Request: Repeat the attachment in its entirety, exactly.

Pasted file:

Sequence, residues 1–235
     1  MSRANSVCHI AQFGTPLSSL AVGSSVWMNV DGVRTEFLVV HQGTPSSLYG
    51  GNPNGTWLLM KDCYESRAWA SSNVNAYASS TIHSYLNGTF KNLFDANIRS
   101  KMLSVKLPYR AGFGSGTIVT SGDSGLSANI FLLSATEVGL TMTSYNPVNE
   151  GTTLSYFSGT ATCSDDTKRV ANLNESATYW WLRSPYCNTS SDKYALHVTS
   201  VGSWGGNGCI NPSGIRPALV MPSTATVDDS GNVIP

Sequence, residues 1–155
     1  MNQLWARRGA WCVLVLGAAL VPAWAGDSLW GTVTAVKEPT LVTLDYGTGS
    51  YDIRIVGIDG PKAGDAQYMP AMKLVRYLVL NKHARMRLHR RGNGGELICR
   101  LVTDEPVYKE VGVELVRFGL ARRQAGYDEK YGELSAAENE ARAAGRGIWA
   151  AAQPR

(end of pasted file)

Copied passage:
Sequence, residues 1–235
     1  MSRANSVCHI AQFGTPLSSL AVGSSVWMNV DGVRTEFLVV HQGTPSSLYG
    51  GNPNGTWLLM KDCYESRAWA SSNVNAYASS TIHSYLNGTF KNLFDANIRS
   101  KMLSVKLPYR AGFGSGTIVT SGDSGLSANI FLLSATEVGL TMTSYNPVNE
   151  GTTLSYFSGT ATCSDDTKRV ANLNESATYW WLRSPYCNTS SDKYALHVTS
   201  VGSWGGNGCI NPSGIRPALV MPSTATVDDS GNVIP

Sequence, residues 1–155
     1  MNQLWARRGA WCVLVLGAAL VPAWAGDSLW GTVTAVKEPT LVTLDYGTGS
    51  YDIRIVGIDG PKAGDAQYMP AMKLVRYLVL NKHARMRLHR RGNGGELICR
   101  LVTDEPVYKE VGVELVRFGL ARRQAGYDEK YGELSAAENE ARAAGRGIWA
   151  AAQPR